It’s been a long time coming, but I’m making a few ‘alternations’ to myself…
I’ve held off cutting my hair because people were aghast at the suggestion, thought I couldn’t get a tattoo because ‘what would it be like in your mid-thirties’. That I shouldn’t wear anything sheer or too bright or ‘out there’. I had a classic case of being a woman in a society where we’re held to a standard we see in shampoo and body lotion ads, filling out the costly pages of the free ES Magazine.
The last few months were tough, but now I’m about to start a new job, and being ‘on my own’ is just a social construct. I don’t need someone else to be a ‘whole person’. But I am interested in looking deeper into my own identity, and the surface changes are like a little contract to myself to remember be who I want to be.
I’m still working on it though; an unloved pile of clothes and shoes sits in a corner; it’s time for a clear out.
The first change was my hair. After months of holding the front high in front of my face to emulate Jennifer Grey in Dirty Dancing, I finally got the courage to tell my hairdresser Salma that I really did want to go short and crazy – my hair grows quickly after all!
I stepped out of Tigi’s Creative Studio at Boxpark Shoreditch with the biggest barnet I’ve ever rocked. Shockingly for me – someone who has always had to wash my hair if I wanted to leave the house to tame its frizzy self – I now don’t have to condition my hair every single morning. It’s great – I’m like a normal person who can get on with stuff and not have wet hair on the tube!
Later, I went even further. Going for DIY highlights (applied by my sister – which was, quite frankly, terrifying). I didn’t get them quite light enough to dye the ends with some of the fun temporary colours Bleach London makes, but their balayage kit was great – so I’d definitely recommend their range at Boots if you’re looking for a change.
I guess it’s the fact that the hair cut didn’t hurt that I decided to finally go for something that I knew actually would (at least in the short term). I’d been obsessively Instagramming tattoo artists and researching the best places to go when I stumbled across Emily Alice Johnston, who tattoos in black with that really cool style of deceptively simple looking line drawings that didn’t resemble anyone else’s work. In another daunting move, I headed to Into You Tattoo in Farringdon to place my cash deposit…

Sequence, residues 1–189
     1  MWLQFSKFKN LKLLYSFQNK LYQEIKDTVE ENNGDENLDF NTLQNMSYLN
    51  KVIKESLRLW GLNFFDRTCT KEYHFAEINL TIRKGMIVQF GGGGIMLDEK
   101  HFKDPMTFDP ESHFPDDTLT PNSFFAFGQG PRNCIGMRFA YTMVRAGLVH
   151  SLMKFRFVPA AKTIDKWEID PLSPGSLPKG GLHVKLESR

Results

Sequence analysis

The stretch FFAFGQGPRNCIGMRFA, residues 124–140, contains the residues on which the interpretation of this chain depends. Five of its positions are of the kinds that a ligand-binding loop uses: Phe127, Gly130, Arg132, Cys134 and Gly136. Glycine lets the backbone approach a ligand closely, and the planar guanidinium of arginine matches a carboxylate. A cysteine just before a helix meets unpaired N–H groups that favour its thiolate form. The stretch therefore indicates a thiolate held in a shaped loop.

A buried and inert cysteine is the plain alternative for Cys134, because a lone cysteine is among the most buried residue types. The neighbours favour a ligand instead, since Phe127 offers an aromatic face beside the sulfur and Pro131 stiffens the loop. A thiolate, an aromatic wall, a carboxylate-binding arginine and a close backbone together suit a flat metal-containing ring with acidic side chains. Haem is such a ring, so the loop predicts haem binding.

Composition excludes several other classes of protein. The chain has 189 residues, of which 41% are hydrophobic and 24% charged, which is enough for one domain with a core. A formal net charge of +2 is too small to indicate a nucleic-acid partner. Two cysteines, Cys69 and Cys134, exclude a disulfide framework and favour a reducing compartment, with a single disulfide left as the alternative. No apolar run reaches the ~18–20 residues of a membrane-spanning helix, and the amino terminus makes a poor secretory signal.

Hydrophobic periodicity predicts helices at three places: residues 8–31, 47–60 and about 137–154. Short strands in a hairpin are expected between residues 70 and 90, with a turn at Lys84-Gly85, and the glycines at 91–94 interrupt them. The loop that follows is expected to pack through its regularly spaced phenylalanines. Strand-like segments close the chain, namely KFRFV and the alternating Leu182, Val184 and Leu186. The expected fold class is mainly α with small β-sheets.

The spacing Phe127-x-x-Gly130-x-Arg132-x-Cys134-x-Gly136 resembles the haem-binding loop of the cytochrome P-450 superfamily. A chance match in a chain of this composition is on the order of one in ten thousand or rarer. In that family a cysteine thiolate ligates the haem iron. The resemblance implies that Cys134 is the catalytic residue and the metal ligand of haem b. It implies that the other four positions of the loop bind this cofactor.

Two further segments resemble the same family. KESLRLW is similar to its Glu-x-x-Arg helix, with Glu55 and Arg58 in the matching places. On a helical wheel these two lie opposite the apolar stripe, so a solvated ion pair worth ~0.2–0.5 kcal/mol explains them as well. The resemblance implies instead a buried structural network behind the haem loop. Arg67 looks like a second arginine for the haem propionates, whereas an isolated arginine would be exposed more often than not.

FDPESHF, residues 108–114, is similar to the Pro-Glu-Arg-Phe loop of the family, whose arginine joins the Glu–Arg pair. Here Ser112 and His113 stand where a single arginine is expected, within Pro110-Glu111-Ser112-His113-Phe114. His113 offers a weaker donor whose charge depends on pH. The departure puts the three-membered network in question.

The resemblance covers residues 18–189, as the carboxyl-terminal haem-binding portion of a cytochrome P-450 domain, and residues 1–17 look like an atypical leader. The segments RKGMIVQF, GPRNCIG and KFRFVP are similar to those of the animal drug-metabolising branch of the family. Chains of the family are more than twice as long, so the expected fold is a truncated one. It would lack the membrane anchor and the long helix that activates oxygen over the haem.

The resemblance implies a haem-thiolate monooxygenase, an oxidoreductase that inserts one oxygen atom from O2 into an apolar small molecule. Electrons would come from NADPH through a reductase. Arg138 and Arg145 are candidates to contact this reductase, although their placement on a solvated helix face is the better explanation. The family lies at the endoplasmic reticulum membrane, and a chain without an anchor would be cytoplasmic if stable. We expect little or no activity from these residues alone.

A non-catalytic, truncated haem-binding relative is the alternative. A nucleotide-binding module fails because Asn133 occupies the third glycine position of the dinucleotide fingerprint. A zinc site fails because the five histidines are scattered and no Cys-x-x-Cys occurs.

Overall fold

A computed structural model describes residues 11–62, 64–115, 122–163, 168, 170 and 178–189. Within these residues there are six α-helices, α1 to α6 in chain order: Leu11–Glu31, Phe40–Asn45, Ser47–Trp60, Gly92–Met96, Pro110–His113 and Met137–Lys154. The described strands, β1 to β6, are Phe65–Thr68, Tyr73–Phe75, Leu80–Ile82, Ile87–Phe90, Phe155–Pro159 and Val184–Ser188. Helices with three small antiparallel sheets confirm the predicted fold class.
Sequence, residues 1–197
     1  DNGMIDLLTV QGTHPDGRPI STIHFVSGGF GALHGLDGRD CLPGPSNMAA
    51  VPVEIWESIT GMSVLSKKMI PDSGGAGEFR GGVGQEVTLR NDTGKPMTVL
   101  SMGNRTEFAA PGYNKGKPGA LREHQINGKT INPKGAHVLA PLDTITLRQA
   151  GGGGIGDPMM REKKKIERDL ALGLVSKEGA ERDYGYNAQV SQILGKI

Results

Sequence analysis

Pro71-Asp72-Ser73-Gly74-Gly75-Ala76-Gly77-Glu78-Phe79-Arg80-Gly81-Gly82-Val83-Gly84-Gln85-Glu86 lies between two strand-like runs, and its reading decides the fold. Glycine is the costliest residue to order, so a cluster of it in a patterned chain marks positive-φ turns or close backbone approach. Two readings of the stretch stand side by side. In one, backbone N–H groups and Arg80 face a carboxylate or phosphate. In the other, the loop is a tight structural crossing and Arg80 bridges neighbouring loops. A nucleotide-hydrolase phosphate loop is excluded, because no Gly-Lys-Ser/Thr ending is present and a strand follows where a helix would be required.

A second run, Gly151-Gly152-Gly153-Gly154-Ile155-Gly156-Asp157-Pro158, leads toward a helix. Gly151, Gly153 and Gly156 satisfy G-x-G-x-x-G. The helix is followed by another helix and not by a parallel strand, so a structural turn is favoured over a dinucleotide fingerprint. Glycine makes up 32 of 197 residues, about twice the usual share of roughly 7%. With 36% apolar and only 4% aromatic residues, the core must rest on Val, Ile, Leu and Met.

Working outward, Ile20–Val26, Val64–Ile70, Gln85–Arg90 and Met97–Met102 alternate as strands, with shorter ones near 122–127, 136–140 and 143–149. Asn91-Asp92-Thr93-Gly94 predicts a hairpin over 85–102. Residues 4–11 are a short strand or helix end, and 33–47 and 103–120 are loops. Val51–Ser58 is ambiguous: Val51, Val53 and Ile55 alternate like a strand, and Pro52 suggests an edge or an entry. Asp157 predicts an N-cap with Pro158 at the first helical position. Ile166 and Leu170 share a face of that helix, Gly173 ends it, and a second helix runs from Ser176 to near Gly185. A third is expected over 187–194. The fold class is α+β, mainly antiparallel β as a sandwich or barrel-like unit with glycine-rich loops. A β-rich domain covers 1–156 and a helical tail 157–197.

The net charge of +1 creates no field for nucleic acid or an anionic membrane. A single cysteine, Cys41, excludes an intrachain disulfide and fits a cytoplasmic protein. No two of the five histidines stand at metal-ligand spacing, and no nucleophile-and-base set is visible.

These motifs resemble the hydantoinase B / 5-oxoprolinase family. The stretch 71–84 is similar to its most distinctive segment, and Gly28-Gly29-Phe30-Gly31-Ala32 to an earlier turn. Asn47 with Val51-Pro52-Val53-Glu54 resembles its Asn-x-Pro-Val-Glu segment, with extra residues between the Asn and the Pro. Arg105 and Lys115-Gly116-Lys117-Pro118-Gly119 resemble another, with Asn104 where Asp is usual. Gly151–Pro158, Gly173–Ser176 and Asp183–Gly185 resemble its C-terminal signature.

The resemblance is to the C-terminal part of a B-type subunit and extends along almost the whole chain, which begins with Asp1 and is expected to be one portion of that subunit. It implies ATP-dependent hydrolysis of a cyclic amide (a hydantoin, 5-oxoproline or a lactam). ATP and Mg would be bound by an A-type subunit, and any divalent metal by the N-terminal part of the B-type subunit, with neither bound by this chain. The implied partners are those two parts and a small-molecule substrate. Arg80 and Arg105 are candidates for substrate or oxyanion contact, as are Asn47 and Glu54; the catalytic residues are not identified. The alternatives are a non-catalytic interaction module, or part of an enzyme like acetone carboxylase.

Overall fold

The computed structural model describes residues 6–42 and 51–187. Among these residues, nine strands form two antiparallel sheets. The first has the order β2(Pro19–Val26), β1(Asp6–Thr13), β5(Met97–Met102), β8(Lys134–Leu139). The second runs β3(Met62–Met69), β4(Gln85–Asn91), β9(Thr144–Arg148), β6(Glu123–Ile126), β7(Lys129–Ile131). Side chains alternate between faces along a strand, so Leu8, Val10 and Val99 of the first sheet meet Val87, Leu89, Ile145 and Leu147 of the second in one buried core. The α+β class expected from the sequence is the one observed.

I knew I wanted something with a botanical theme and had been thinking about having forget-me-nots on my foot for a good few years, but in the couple of weeks before getting inked I swayed between thistles and poppy seed heads. Then, two days before, my mind finally settled; a dandelion clock.
When I met Emily she showed me her flash book (basically like a portfolio of signature designs) I saw some flowers I liked but really wanted something bespoke so mentioned my idea. After printing out a botanical drawing from the internet, she drew me what turned out to be more of a ‘lifecycle of a dandelion’, with different types of dandelion flowers and a very complex looking leaf! She asked me if I wanted it to be smaller, given that it was my first one, and I decided to go for it as it was!
For those of you wondering about the feeling of getting a tattoo, imagine the pain of an injection – say your BGC vaccine – and then imagine it being administered multiple times very quickly, whilst the scratching is simultaneously dragged across your skin. And yes, the foot is bony and therefore can’t cushion you from the pain of the needle as easily which means the pain is intensified.
And yet, despite this, getting tattooed was one of the most ‘zen-like’ experiences I’ve ever had. I had to focus so hard on breathing that I didn’t really think about anything else. Not that I recommend being in pain to meditate, but I think I learnt a lot about breathing in a short space of time… Also, there were some very cool people in that studio I did NOT want to embarrass myself in front of. Emily declared that I was one of the most silent people she’d ever tattooed – much to the amusement of anyone who’s ever been in the same room as me…
Here’s the thing about tattoos – I’m not going to feel hugely different about it in my mid-thirties, or any other decade. I’m going to be able to look down at it and remember who I was when I got it – a reminder to never let myself go. Not physically, but (and I’d rarely use this word for myself) spiritually.